mailing list archives
Re: Questions about Internet Packet Losses
From: Tony Li <tli () jnx com>
Date: Mon, 13 Jan 1997 14:00:33 -0800 (PST)
of the packet loss is inadvertent, a large percentage of the public
exchange point connectivity problems reflect intentional engineering
decisions by Internet service providers based on commercial settlement
I think that this is an _extremely_ dangerous assertion on Merit's part.
As always, ascribing intent rather than raw data requires much more
justification which I have yet to see.
Are you familiar with this packet loss data from Merit? If not, please see
Am now... ;-)
Is Merit's packet loss data (NetNow) credible? Do packet losses in the
Internet now average between 2% and 4% daily? Are 30% packet losses common
during peak periods? Is there any evidence that Internet packet losses are
trending up or down?
Yes, that matches my instinctive feel. I don't have concrete data which
corroborates or disputes their data, nor reflects high packet loss rates
Were Merit's data correct, what would be the impact of 30% packet losses on
opening up TCP connections?
TCP is pretty damn robust. Opening a connection is still likely to work.
On TCP throughput, say through a 28.8Kbps
modem? On Web throughput, since so many TCP connections are involved? On
DNS look-ups? On email transport?
As you might imagine, that kind of packet loss rate is 'highly detrimental'
to throughput. If you're asking for concrete numbers, I don't have them,
but I've lived through them. Qualitatively, it means that interactive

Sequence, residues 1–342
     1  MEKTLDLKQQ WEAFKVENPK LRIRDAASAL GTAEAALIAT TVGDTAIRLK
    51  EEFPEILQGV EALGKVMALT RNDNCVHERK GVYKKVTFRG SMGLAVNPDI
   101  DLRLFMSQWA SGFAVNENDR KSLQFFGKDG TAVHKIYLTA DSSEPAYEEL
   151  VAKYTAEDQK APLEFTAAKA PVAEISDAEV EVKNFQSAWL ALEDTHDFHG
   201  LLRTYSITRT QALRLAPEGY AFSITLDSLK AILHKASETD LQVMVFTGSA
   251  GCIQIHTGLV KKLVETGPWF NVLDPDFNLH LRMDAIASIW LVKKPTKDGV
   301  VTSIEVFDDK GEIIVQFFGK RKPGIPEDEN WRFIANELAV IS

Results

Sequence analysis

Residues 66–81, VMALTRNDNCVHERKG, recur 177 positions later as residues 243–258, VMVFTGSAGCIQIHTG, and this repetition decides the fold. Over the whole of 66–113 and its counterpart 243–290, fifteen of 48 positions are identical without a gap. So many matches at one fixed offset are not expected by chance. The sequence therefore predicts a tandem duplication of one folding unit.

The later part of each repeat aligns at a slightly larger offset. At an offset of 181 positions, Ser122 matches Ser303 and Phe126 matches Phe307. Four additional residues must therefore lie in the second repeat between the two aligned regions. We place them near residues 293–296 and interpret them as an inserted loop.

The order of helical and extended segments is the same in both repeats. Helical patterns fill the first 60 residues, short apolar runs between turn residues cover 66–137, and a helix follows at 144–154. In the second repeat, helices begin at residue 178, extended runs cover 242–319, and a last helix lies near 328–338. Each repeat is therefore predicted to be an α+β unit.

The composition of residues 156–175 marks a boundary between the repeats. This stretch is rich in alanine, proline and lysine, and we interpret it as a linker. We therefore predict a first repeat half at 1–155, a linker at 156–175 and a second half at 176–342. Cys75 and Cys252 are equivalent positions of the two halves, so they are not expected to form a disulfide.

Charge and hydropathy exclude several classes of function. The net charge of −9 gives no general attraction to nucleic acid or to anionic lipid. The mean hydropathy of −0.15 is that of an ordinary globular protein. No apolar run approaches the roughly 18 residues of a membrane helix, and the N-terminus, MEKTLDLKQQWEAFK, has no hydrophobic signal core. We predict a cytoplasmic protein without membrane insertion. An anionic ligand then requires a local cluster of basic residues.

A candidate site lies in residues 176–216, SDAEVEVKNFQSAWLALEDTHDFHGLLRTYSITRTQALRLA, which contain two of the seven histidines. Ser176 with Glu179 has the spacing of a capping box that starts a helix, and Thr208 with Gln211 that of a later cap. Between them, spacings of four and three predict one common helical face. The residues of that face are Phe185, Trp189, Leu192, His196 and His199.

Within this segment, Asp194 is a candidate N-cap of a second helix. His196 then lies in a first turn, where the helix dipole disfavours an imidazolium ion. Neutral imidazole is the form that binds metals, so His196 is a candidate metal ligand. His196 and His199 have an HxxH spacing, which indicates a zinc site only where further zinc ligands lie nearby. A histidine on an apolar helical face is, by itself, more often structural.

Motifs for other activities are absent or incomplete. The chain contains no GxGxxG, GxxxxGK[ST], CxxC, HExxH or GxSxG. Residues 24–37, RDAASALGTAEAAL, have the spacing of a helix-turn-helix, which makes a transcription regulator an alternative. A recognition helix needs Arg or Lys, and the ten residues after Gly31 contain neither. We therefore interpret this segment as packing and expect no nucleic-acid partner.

usage is intolerable. On the bright side, email works just fine.
How big a problem is HTTP's opening of so many TCP connections?
It's a very significant problem. It decreases the average packet size,
thereby making router work much harder. It generates many more packets
than necessary, and then closes down the connection after a very short
transfer. In short, it's a horribly inefficient use of the net.
Does TCP need to operate differently than it does now when confronted
routinely with 30% packet losses and quarter-second transit delays?
Your question presumes that we should live with the 30% losses. We should
not. TCP does palatably well at surviving such brown-outs and I would not
suggest changes for that cause. Note that there are other changes that I'd
like to see, such as more use of Path MTU Discovery and fixing HTTP which
are much more important. The quarter-second transit delays fall into two
categories: one are transient delays, mostly caused by routing transients.
Obviously we need to minimize such transients. The second is normal
propagation delay. Using larger windows would aid that a great deal. I
don't think that many TCP implementations allocate sufficient buffering
today to truly be efficient.
What is the proper
response of an IP-based protocol, like TCP, as packet losses climb? Try
harder or back off or what?
Back off. Slow start is the accepted algorithm. Trying harder only
How robust are various widespread TCP/IP
implementations in the face of 30% packet loss and quarter-second transit